Surbana Jurong is an award-winning company on many fronts.
Four months ago, the Temasek Holdings-owned infrastructure consultancy snagged a Platinum Award in modelling given out by the Building and Construction Authority.
In a statement, a director in the company attributed the win to the "dedication, strong collaboration and hard work" of staff.
Three months before that, the home-grown company was lauded by the Institution of Engineers for building five of Singapore's top 50 engineering feats such as Jurong Island and Punggol Waterway flats.
Its board is a list of who's who in the corporate sector, and its top management includes a former top civil servant who previously headed two statutory boards.
So, one wonders what led to such an accomplished company being openly rapped this week in Parliament by Manpower Minister Lim Swee Say, who said that it was unacceptable for Surbana to publicly label the 54 employees it recently axed as "poor performers".
This is the short version of, what I call, the Surbana sackings saga.
The Straits Times first reported on the sackings last month, about two weeks before Chinese New Year. The company would not say then how many workers had been axed. It stressed that no one was retrenched but "a small number of poor performers were communicated with and released".
For the rest of the employers in Singapore who watch this saga from the sidelines, the bottom line is clear. Employers have the power to hire and fire, and no employer owes any worker a living. But, it does not hurt for them to treat workers with sensitivity, compassion and dignity, especially when the workers have to be let go.
A few days later, several local newspapers reported that Surbana chief executive Wong Heang Fine told his staff in a strongly worded e-mail that the company could not allow a small proportion of poor performers to drag down the rest of the organisation. The number of affected workers - 54 - was revealed for the first time.
They represented 0.41 per cent of Surbana's 13,000-strong global workforce and 0.79 per cent of its roughly 3,000 employees here. And 18 were union members.
A day later, the two unions that represent Surbana workers hit back through Facebook.
One union leader challenged the company's assertion that the axed workers were poor performers, saying that eight were either re-employed after they reached retirement age or had their contracts renewed.
Another union leader added: "To sack them just before (the Chinese New Year) is heartless to the extreme."
The sackings got an airing in Parliament this week. Four MPs spoke about the matter.
How did the sacking of these workers become such big news?
There are a number of reasons but here are four.
One, such mass sackings in full public view are rare. Companies that sack poor performers tend to do so in small numbers to stay below the radar.
Two, Surbana is a Temasek Holdings-owned company. The Temasek brand carries cachet and an expectation that the company does things right.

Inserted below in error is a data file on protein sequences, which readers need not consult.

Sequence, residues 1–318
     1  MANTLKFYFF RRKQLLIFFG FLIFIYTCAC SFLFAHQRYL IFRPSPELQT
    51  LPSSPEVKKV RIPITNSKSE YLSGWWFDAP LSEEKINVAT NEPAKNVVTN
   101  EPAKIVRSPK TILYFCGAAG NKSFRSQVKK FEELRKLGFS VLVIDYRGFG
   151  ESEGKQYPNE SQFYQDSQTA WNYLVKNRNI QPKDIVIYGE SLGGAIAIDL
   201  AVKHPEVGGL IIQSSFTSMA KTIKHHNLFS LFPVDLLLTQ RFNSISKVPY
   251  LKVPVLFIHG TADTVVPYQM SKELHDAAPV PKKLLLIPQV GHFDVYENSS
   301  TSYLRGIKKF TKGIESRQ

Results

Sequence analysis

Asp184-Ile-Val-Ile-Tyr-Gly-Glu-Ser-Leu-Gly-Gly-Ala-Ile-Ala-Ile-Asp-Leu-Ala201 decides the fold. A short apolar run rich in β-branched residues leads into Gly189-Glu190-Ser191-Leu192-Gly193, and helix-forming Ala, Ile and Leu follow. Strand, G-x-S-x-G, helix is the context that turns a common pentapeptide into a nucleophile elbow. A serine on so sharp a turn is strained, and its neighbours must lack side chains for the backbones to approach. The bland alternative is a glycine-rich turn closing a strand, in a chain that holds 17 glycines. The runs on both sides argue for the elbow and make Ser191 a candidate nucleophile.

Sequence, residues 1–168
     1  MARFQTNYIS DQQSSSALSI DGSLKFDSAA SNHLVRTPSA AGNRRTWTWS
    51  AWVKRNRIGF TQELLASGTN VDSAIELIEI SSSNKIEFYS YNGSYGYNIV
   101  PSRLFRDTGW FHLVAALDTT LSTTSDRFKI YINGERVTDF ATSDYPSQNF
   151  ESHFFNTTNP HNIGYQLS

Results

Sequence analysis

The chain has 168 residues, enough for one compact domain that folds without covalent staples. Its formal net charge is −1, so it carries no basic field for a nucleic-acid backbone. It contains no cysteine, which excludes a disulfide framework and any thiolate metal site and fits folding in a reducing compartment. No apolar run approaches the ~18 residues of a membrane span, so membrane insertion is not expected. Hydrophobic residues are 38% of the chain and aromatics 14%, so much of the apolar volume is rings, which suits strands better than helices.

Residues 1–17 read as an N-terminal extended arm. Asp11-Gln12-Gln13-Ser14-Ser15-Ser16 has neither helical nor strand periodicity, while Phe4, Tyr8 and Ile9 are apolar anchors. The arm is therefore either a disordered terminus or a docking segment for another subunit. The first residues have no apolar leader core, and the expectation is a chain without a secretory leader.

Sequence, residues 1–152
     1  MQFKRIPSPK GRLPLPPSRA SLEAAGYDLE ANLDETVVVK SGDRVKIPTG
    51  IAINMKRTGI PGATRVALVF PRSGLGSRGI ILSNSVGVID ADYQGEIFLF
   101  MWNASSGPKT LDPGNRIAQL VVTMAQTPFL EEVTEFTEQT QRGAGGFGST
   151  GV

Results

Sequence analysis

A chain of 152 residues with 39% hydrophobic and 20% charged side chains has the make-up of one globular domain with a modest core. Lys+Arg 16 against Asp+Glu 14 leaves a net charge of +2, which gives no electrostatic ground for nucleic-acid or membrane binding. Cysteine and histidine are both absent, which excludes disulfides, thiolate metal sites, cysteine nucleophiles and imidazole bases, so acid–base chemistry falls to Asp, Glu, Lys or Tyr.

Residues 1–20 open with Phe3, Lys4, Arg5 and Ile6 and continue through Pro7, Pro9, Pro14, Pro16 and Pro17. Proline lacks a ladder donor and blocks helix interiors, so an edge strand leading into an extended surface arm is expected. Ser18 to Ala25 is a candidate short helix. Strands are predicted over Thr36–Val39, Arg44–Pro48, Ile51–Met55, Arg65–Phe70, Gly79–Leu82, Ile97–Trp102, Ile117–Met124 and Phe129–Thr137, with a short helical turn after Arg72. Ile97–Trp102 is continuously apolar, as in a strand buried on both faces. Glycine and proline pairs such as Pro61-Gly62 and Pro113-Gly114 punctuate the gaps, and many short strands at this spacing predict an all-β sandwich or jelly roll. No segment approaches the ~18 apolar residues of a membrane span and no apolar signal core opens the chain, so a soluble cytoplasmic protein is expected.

If a Temasek-linked company can treat workers badly and get away with it, it sets a bad example for other employers.
Three, the sackings happened under the unions' watch. It raises a key question: If unions cannot protect their members, what chance do other non-unionised workers have? After all, the majority of workers in Singapore are not union members.
Four, the dismissals came at a time when the economy is slowing and more workers are losing their jobs. The prospect of the sacked workers finding new jobs is dim. The timing also compounds workers' fear that Surbana might have axed them to avoid paying retrenchment benefits.
The drama aside, there is a silver lining to the saga. It is what those in the education circle will call "a teaching moment". There are, at least, three lessons for employers.
One, no one can escape Ministry of Manpower (MOM) scrutiny.
The MOM has made it clear that a big name like Surbana can be called to account for its actions and even chided in public.
Said Mr Lim: "Whether GLC (government-linked company), MNC (multinational company), large local enterprises or, for that matter, public service… we do expect all of them to conduct HR (human resources) practices in a responsible and progressive manner."
Two, tripartite guidelines are now being drafted for mass terminations, in addition to the existing guidelines that cover mass retrenchments. This will allay workers' fears of employers who disguise retrenchments as sackings to avoid paying workers retrenchment benefits. It will also deter employers from even thinking about such a move.
Three, employers should think carefully before they slap the "poor performer" label on their staff.
"If the performance of employees is not up to mark, there could be contributing factors on the part of employers as well," Mr Lim noted.
The public airing of the sackings must have caused red faces among the head honchos in Surbana. To the company's credit, it conceded subsequently that the dismissal of the workers could have been managed better.
While the Surbana sackings may not be a case of a company trying to avoid paying retrenchment benefits by sacking workers, the unions and Surbana have nonetheless reached a settlement for the workers which the MOM described as fair. That indicates the interests of the workers were protected, even though the details of the deal were not disclosed.
This is an important outcome because whether it was a sacking or a retrenchment, the effect is the same for the workers - they lost their jobs.
And, for the rest of the employers in Singapore who watch this saga from the sidelines, the bottom line is clear. Employers have the power to hire and fire, and no employer owes any worker a living. But, it does not hurt for them to treat workers with sensitivity, compassion and dignity, especially when the workers have to be let go.